It's getting colder; people are spending more time indoors in closer proximity and its flu season!
Aside from washing your hands, drinking hot fluids, taking immune system boosters and following other influenza avoidance practices (e.g. immunization), physical activity is a GREAT way to boost our immune system in an effort to prevent the flu and or speed up recovery
(note: people who are physically active on a regular basis generally have efficient immune systems; therefore, recovery times are usually faster).
How does physical activity improve our immune systems? This is not a simple question to answer; however, scientists are working very hard to properly outline the many pathways in which physical activity functions to improve our immune functionality.
Below are a few simple findings:
- Individuals, who exercise regularly at a light to moderate intensity for 30 minutes on most days of the week, if not all, are at a significantly lower risk for respiratory infections.
- Activity lovers who exercise for 30-60 minutes on most days of the week have a 40% reduction in sick days during the cold season.
- Regular exercise helps the disease-fighting white blood cells in the body move from the organs into the bloodstream where they are able to combat and rid the invading pathogens.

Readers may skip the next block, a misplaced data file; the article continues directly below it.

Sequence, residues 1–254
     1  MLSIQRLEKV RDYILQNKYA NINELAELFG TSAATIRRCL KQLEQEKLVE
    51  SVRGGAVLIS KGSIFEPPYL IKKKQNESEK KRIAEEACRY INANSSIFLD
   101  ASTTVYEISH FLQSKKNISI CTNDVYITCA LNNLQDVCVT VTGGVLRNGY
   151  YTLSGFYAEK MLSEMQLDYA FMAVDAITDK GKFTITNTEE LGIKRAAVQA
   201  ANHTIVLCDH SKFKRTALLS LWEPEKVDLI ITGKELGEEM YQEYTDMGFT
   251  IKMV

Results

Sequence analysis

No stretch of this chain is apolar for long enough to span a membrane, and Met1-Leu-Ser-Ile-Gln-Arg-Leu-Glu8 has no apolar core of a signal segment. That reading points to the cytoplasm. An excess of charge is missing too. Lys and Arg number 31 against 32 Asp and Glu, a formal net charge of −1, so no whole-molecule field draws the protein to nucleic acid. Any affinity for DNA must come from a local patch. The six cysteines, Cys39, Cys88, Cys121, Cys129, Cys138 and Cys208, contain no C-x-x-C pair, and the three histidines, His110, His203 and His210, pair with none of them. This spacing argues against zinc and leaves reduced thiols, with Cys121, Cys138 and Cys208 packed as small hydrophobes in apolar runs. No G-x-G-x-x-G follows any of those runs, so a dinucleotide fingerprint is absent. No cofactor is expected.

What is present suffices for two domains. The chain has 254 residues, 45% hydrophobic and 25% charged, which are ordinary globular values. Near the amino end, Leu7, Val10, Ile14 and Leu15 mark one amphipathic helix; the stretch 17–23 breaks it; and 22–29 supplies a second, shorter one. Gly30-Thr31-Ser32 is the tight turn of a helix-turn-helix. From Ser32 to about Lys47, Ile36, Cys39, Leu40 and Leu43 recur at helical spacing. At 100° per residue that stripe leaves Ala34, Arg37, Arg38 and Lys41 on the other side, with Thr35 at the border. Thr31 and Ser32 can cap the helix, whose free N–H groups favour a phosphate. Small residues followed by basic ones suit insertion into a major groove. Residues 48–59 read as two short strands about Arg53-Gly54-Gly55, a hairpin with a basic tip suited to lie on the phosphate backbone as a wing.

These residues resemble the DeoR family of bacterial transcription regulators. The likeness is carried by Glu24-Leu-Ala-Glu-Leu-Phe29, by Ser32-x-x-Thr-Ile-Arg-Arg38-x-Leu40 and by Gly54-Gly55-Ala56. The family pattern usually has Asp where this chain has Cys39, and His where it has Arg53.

Ok so what if you have the flu or the common cold? Is exercise recommended? People should approach this scenario very cautiously. Here are a few DOs and DONTs provided by an American College of Sports Medicine Press Release:
- DO exercise moderately if your cold symptoms are confined to your head. If you're dealing with a runny nose or sore throat, moderate exercise is permissible. Intense exercise can be resumed a few days after symptoms subside (in cases of the common cold).
- DON'T "sweat out" your illness. This is a potentially dangerous myth, and there is no data to support that exercise during an illness helps cure it.
- DO stay in bed if your illness is "systemic" – that is, spread beyond your head. Respiratory infections, fever, swollen glands and extreme aches and pains all indicate that you should rest up, not work out.
- DON'T jump back in too soon. If you're recovering from a more serious bout of cold or flu, gradually ease back into exercise after at least two weeks of rest.
So in general, if your symptoms are from the neck up, go ahead and do some light-moderate activity (e.g. nice power walk). However, if you have general aches and pains or a fever, it's important to rest well and allow your body to combat the illness (hopefully your body is primed by regular physical activity before the cold so it will respond faster).
Before I let you go, ACSM Fellow David C. Nieman, Dr.P.H. recommends light to moderate intensity before getting the flu shot as it will allow the body to respond better to the vaccine and give your system a little boost.
Hope this helps and don't forget to share your experiences related to this blog with the community below by commenting!
References, Resources and Recommended Readings:
- HealthLink BC: Colds and Flu
- Government of Canada: Flu (influenza)